What questions should I ask in an interview?
And what information should I listen for?
Asking the right questions of an interviewer can be as important as answering the questions thrown at you.
First, you want to ask questions which will help you decide whether to accept this position if it is offered. Second, you will be evaluated on the types of questions you ask. You create a positive impression and show that you've done your homework by asking intelligent, substantive, and well thought-out questions.
Your questions on other subjects can become more probing as the interview process progresses. Do not put the interviewer on the defensive -- especially early on. Avoid asking questions about salary and benefits -- especially in the early stages. These should come after the offer has been made or just before that point.
During interviews, you can get new information in two ways: through questions you ask the interviewer, and through unsolicited information the interviewer shares as part of the discussion. These are some of the questions you should ask and information you should listen for. You should also come up with a few of your own questions, specific to the employer or position.
Note: The text in parentheses below should be customized to your unique interview situation.
About the position
- Can you share more details about the position’s responsibilities? What skills are you looking for, ideally?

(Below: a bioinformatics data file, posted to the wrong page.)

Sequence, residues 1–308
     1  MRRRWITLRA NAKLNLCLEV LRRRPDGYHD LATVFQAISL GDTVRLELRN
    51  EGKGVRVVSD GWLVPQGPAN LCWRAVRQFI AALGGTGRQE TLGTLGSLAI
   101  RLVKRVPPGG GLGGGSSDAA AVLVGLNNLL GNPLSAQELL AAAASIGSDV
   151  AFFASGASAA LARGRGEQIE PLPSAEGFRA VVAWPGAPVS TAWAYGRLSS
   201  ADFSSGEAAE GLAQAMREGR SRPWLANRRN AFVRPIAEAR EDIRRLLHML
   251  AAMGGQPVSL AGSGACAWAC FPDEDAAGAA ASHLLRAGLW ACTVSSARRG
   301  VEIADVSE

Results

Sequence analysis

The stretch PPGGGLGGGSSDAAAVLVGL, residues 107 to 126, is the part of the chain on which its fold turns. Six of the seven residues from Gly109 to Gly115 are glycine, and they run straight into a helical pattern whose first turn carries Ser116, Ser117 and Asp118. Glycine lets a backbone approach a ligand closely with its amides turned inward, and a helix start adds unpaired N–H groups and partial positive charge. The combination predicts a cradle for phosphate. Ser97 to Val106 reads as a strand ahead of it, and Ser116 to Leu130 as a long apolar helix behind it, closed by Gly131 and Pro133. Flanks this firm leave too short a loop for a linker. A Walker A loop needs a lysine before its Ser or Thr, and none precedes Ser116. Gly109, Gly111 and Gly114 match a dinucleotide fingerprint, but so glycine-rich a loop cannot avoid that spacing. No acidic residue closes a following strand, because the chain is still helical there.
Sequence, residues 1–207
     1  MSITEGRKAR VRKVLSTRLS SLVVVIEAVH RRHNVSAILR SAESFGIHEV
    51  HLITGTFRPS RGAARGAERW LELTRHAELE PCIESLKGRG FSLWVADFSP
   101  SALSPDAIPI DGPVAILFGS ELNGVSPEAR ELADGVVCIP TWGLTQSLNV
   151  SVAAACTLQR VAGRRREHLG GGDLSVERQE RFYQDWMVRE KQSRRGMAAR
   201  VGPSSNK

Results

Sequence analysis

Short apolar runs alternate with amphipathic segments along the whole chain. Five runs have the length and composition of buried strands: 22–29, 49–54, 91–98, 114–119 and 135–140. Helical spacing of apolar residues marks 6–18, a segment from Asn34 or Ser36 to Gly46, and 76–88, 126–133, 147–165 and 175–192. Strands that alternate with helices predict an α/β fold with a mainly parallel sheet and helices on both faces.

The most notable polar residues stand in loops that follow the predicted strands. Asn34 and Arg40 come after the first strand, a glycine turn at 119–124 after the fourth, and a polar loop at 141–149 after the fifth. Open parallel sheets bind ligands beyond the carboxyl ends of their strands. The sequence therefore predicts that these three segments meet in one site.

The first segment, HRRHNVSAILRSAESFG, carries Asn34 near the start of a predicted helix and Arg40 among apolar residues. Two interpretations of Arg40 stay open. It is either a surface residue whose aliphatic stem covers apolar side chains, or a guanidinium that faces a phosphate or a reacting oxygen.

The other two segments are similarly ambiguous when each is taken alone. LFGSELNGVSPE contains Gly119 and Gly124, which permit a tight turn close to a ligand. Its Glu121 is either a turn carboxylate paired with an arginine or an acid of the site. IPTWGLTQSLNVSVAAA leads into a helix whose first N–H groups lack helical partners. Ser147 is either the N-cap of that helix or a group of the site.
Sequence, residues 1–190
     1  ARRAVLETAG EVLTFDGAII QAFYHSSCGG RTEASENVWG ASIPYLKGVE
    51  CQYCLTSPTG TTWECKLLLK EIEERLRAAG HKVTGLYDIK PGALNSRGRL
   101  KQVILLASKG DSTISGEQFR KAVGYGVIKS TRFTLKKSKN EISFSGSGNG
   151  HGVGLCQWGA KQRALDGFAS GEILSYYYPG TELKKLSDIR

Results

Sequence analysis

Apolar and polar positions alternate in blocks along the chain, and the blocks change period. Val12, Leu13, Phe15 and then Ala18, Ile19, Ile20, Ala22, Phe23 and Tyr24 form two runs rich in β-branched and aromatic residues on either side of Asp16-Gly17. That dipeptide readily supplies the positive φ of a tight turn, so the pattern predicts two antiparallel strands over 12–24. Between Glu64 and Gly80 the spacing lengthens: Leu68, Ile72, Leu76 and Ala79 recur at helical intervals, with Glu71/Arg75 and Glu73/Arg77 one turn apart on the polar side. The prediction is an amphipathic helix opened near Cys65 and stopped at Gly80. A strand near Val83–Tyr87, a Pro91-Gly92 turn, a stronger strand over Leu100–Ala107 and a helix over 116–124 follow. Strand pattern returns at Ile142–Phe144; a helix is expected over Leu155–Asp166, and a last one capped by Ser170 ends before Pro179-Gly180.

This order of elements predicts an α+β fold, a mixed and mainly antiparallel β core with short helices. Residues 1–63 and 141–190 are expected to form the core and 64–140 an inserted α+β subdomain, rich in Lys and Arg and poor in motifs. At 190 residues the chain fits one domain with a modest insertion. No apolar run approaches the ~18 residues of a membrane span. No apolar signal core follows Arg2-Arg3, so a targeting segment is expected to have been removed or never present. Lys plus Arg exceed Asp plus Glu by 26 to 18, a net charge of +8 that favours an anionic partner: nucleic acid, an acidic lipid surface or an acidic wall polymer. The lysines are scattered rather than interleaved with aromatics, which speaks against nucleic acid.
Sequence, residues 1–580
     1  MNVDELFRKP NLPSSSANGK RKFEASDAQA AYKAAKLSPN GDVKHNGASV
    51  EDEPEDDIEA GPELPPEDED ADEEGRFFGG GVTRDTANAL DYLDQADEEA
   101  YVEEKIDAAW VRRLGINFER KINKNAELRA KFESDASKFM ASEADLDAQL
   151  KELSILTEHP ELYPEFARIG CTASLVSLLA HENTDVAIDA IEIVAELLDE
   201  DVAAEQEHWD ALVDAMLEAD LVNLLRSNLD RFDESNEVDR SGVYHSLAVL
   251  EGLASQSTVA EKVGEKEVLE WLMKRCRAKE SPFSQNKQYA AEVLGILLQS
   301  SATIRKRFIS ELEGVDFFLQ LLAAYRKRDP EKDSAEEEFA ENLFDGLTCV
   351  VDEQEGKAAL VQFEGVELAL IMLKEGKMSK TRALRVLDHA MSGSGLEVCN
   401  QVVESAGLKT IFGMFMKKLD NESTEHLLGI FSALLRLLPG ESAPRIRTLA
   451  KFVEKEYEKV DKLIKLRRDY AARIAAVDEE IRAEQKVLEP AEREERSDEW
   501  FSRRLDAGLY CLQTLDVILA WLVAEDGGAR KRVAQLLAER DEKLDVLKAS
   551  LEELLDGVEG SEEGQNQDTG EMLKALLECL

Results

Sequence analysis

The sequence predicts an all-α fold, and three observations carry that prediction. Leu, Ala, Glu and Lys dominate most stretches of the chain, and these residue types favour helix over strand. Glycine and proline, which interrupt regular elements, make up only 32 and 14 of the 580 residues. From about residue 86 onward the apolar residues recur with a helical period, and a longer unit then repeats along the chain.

- Within the areas of responsibility, what are the two or three most significant things you would want me to accomplish?
- Is this a new position? If so, why was it created? If not, where is the incumbent?
- When I prove my performance in this position, what other career opportunities might be open to me here?
- How will my performance be evaluated?
About the employer
- What are the company’s short-term goals (3–6 months)?
- What are the company’s longer-term goals (12–18 months)?
- Where would you like this (department / organization) to be in 5 years?
- How does the company distinguish itself from competitors?
- What is the financial condition of the company? What are its funding sources? (This is relevant for small, privately held companies or non-profits that rely on grants for their funding.)
- What are the major challenges in this position /for this organization?
- How would you describe the culture or business environment of this (department / organization)?
- What does the company do to demonstrate its commitment to investing in people (professional development)?
About colleagues and managers
- Can you talk about the management team? What are their management philosophies?
- How would you describe your (the boss) management style (communication with subordinates)?
- Are there particular attributes you seek from members of your management team?
- What is the decision-making process within this department? Within the company as a whole?
- Tell me a little bit about your background.
Questions to ask other employees
- Can you describe the company’s environment?
- What is it like to work for [the interviewer or the person you’ll be working for]?
- What do you like best about working at the company?
- Is there anything that has frustrated you during your employment?
- How do company leaders demonstrate commitment to the company’s values or mission (e.g., customer service, innovation, growth targets, etc.)?
Key items to listen for during the interview
- Problems the employer hopes to solve by filling the vacant position
- Financial condition of the organization (may be indicated by reluctance to share financial information or future plans)
- Benefits offered, including health insurance, retirement contributions, time off, and work/life initiatives
- Work environment and corporate culture (e.g., collaborative teamwork, social events, enthusiasm, hours worked)